Daily Archives: 29/08/2014

BSIA launches Guide to Security of Heritage Properties (Form 188)

The British Security Industry Association (BSIA) has published a new Guide to Security of Heritage Properties (Form 188) which is designed to provide owners, managers and guardians of all kinds of heritage buildings with an overview of the common considerations around risk assessments and security measures at these sites.

The new guide aims to describe the security threats faced by historic properties (as well as those with a shared community value) and explain the techniques, products and services available to protect them.

Paul Phillips, technical officer at the BSIA and author of the guide, commented: “Caring for a heritage property is by no means a cheap exercise. Correcting any damage after a crime could financially cripple owners and, on that basis, the provision of good security is essential. Protecting unique properties often means using unique and costly solutions but, with the help of this BSIA guide, owners should be able to make the most of limited resources and, in turn, play their part in helping to save our history and culture for the future.”

The BSIA guide is primarily intended for the owners of private houses, smaller businesses in listed properties, custodians of individual properties open to the public and groups of volunteers caring for heritage in their community.

The BSIA has launched a new Guide to Security of Heritage Properties

The BSIA has launched a new Guide to Security of Heritage Properties

What’s unique about Heritage security?

Heritage security is unique in that alterations can devalue sites quite considerably. Often, the listed nature of heritage properties means that modern security measures that are usually commonplace are not permitted. Even where security measures are allowed, they often prove more costly for listed buildings.

The new Guide to Security of Heritage Properties offers helpful, independent, free of charge advice on this topic for BSIA members and non-members alike.

Heritage security is an important aspect of heritage property maintenance. For example, it’s often the case that heritage properties have been built without consideration for modern criminal behaviour. Any modernising security measures must therefore be weighed carefully against the ‘devaluing effect’ significant alterations can incur.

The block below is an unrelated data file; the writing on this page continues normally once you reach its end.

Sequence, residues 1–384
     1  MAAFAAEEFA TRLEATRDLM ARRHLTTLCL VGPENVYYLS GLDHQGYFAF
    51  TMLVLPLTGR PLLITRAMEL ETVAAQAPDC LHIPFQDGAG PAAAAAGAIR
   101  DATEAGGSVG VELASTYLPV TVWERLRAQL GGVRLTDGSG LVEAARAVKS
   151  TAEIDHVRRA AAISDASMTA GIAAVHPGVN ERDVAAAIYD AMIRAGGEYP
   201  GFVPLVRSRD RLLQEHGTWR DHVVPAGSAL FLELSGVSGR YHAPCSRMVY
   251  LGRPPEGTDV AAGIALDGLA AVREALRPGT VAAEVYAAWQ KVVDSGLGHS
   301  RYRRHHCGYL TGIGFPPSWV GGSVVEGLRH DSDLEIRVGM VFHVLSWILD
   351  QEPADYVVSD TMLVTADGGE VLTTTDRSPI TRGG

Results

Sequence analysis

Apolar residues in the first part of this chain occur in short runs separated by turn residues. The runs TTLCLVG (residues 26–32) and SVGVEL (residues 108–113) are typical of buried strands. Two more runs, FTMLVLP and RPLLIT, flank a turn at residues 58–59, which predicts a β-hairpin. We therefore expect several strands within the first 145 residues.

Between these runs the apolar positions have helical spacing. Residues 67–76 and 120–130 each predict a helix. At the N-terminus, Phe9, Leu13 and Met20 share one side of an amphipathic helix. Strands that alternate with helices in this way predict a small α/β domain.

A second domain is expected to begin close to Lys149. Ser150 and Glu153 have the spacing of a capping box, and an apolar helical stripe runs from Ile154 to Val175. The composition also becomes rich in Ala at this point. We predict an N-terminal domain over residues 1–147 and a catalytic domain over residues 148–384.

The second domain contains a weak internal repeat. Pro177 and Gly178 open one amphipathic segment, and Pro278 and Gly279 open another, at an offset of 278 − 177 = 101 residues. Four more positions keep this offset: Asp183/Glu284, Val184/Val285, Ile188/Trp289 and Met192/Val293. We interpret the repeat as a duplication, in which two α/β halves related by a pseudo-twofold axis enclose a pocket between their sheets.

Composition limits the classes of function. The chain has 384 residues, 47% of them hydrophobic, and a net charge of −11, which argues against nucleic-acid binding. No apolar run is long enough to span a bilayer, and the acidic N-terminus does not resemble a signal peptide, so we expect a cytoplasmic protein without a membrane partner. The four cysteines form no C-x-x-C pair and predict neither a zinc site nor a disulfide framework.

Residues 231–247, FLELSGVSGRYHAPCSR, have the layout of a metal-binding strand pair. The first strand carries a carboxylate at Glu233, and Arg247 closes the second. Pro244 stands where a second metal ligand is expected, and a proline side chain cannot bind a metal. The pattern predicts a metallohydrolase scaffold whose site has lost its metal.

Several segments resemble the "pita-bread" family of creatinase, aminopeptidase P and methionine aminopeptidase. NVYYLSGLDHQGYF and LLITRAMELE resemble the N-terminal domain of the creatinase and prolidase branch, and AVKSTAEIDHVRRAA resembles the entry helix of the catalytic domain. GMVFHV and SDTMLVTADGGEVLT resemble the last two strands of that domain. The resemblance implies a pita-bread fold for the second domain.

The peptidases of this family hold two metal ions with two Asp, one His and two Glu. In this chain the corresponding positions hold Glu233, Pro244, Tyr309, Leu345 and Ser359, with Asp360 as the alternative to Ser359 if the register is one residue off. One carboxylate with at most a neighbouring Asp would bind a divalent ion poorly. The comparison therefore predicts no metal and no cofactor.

In essence, security measures need to be as unobtrusive as possible. A Georgian shop front with external roller shutters, for example, becomes a bland modern building.Similarly, fitting CCTV cameras to the front of an historic house can be unappealing and – in some instances – may actually breach regulations.

For larger or more complex problems the employment of a security consultant can often provide cost-effective advice for a combination of practices and equipment

For larger or more complex problems the employment of a security consultant can often provide cost-effective advice for a combination of practices and equipment

Heritage properties are often located in open areas, remote from neighbours. This level of isolation makes them more difficult to protect. Similarly, and as is often the case, the need to allow authorised public access can inadvertently facilitate criminal access.

Simon Alderson, development director of BSIA member company Vacant Property Specialists and chairman of the BSIA’s Vacant Property Protection Group, has commented on the potential security risks involved in heritage sites.

“Heritage sites are often remote and packed with materials that can attract crime,” explained Alderson, “such as lead on roofs and copper piping. It sounds like something from a Cluedo set, but for the few pounds thieves may obtain from selling stolen metals, they can cause tens of thousands of pounds’ worth of damage. Vacant sites are also targets for illegal raves and squatters.”

The new BSIA guide explains ways in which security measures can be employed and installed in what can appear to be complicated circumstances. It also details ways in which to achieve effective security within the boundaries of available resources.

What’s in the Guide to Security of Heritage Properties?

Alongside informed suggestions, the guide contains Case Studies detailing how BSIA member companies have provided security and protection for heritage properties. It also describes a unique way of approaching security that should help end users facing difficult decisions relating to the allocation of resources.

The guide is primarily intended for owners of private houses, smaller businesses in listed properties, custodians of individual properties open to the public and groups of volunteers caring for heritage in their community

The guide is primarily intended for owners of private houses, smaller businesses in listed properties, custodians of individual properties open to the public and groups of volunteers caring for heritage in their community

Why is it worth reading compared to other publications? This guide provides a huge benefit to those seeking expert and independent advice. Given the often unique nature of heritage sites and the security issues surrounding them, it’s particularly important to draw on the expertise of those with experience in this particular field.